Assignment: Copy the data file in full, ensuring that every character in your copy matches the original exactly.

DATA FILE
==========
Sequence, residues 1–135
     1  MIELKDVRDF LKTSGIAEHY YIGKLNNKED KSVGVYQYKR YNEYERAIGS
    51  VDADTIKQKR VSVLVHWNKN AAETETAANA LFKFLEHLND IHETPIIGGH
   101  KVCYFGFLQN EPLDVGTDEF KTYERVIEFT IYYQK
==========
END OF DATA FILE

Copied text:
Sequence, residues 1–135
     1  MIELKDVRDF LKTSGIAEHY YIGKLNNKED KSVGVYQYKR YNEYERAIGS
    51  VDADTIKQKR VSVLVHWNKN AAETETAANA LFKFLEHLND IHETPIIGGH
   101  KVCYFGFLQN EPLDVGTDEF KTYERVIEFT IYYQK